Essays on Market Structure and Coca Cola Case Study

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The paper "Market Structure and Coca Cola" is a great example of a case study on macro and microeconomics. The laws of demand and supply form a market economy and as such should be closely monitored. The extremes of the market economy are monopolies and perfect competition. Coca Cola Company falls within the two extremes and is monopolistic competition. Introduction The supply and demand of goods and services are one of the most vital concepts that relate to economics and is the cornerstone of a market economy. Demand is the amount of service or product that is desired by buyers.

The number of goods demanded refers to the total amount of goods that people are willing to purchase at a particular price. The relationship that exists between the quantity and price of goods is the demand relationship (Ernest & Bulent, 1996). Supply refers to the quantity of a given good that producers are able to supply when they obtain a certain price. The relationship between price and the supply of goods is referred to as a supply relationship. It is therefore concluded that price is a representation of the forces of demand and supply.

In light of the differences that pertain to the forces of demand and supply, the following market structures can be obtained; monopoly, oligopoly, monopolistic competition, and perfect competition. Monopoly A monopoly is a form of market structure that is comprised of a single seller/producer for a particular product. It can also be viewed that the single business is the entire industry. Entry into a monopolistic market is limited due to various impediments or high costs which may be political, economic, or social (Chamberlin, 1933).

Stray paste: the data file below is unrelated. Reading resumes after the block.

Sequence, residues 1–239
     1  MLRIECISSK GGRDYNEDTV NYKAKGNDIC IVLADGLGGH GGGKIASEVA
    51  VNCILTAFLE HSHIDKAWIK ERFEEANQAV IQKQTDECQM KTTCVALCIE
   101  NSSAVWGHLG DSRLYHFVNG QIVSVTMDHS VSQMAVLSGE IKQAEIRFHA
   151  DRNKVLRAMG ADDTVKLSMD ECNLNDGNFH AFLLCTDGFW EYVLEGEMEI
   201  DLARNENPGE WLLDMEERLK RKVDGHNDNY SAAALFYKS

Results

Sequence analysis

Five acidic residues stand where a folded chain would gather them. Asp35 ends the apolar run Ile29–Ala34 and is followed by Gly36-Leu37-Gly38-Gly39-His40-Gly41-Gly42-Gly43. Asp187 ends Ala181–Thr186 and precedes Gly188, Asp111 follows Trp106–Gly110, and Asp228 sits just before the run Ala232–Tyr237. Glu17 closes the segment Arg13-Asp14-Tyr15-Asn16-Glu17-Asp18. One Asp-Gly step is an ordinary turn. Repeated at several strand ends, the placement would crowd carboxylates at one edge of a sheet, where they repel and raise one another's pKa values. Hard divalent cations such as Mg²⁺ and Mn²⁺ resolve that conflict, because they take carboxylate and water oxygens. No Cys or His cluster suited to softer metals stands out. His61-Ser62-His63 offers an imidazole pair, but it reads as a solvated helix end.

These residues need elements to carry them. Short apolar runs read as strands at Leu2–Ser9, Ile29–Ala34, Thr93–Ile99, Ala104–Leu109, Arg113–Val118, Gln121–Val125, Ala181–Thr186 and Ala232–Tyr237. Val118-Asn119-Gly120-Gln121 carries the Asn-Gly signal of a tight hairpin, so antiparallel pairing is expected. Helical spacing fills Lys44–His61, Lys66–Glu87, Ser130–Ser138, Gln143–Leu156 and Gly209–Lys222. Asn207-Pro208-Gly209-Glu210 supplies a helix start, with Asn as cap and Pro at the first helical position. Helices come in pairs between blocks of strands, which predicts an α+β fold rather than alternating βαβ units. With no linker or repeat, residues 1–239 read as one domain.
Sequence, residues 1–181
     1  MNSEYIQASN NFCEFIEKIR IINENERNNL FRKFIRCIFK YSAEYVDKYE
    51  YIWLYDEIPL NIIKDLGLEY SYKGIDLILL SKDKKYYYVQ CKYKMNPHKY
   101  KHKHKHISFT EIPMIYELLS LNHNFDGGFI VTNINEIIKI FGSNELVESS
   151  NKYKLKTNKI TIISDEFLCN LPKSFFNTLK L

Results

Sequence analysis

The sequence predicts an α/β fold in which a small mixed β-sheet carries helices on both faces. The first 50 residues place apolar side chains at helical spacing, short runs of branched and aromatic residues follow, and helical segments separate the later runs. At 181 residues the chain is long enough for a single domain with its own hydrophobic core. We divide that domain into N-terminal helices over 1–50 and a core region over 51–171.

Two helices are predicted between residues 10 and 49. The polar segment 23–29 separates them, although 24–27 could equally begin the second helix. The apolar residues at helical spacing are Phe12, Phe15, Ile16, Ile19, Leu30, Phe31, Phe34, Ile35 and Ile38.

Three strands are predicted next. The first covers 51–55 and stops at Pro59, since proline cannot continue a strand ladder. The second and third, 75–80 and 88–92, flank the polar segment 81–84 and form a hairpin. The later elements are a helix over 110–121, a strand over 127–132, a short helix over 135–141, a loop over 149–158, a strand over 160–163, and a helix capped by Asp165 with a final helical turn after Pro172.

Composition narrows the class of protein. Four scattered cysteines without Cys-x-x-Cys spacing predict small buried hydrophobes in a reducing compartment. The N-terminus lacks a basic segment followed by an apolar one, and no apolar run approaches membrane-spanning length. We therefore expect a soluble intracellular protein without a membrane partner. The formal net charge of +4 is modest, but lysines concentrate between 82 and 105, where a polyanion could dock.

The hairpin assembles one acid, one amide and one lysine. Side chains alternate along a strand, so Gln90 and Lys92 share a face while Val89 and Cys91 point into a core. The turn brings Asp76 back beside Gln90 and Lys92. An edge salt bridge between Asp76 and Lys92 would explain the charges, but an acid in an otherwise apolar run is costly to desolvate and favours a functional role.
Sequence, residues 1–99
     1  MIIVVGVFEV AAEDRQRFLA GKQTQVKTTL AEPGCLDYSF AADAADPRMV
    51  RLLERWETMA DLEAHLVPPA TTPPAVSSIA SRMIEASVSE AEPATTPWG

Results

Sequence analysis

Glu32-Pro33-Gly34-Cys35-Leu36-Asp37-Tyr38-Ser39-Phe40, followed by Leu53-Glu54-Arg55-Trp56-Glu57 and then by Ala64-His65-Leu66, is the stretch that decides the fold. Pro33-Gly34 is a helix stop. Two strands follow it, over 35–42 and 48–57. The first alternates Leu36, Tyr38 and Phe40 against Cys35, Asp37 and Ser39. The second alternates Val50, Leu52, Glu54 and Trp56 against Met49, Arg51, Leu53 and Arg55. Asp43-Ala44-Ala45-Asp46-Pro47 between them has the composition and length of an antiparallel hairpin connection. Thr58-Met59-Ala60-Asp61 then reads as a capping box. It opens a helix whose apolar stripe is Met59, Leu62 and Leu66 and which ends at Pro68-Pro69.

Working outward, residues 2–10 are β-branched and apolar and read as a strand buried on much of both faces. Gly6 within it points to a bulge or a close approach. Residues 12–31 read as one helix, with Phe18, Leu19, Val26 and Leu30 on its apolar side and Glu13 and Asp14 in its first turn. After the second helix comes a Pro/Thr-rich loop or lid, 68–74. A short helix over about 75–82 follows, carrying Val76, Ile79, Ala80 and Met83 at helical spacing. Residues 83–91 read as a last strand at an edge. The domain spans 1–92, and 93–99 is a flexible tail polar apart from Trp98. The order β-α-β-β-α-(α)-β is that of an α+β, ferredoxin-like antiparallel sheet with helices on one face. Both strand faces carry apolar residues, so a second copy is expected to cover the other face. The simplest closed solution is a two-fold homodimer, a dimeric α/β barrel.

A good example of a monopoly is when a government controls a particular industry for instance electricity. Other monopolies exist when an entity has exclusive rights to a particular resource. For instance, in Saudi Arabia, the reigning government has sole control of the oil industry. Also, monopolistic market structures may be formed when a company holds a patent or copyright that prevents other players from entering the market. For example, Viagra was patented by Pfizer (Rudolf, 2004). Below is a diagrammatic representation of monopoly.

References

E H Chamberlin (1933). A Theory of Monopolistic Competition. Cambridge, Mass.

G Stigler, 'Perfect Competition, Historically Contemplated', Journal of Political Economy, vol. LXV (1957), 1-17

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Raiklin, E. (2000). Graphing and Slopes. [Online]. 40 (4) pp. 10-13 [Accessed 7th April 2010]. Available at: http://www.humboldt.edu/^economic/econ104/scarcity/

Rudolf, K. (2004). Needs and Wants. [Online]. 25 (6) pp. 5-8. [Accessed 7th April 2010]. Available at: http://www.accessmylibrary.com/article-1G1-18685655/relativity-concepts-needs-wants.html

Strong, B (2005). Strategic Planning: What’s So Strategic about It? Retrieved 14th May 14, 2010. Available at: http://net.educause.edu/ir/library/pdf/eqm0510.pdf.

Khan, S.U (2009). Coca Cola Marketing Strategies. Retrieved 14th May 14, 2010. Available at: http://www.scribd.com/doc/10552013/Coca-Cola-Marketing-Strategies

Mintzberg, H (2005). Strategy Safari: A Guided Tour through the Wilds of Strategic Management. Publisher: Princeton, USA.

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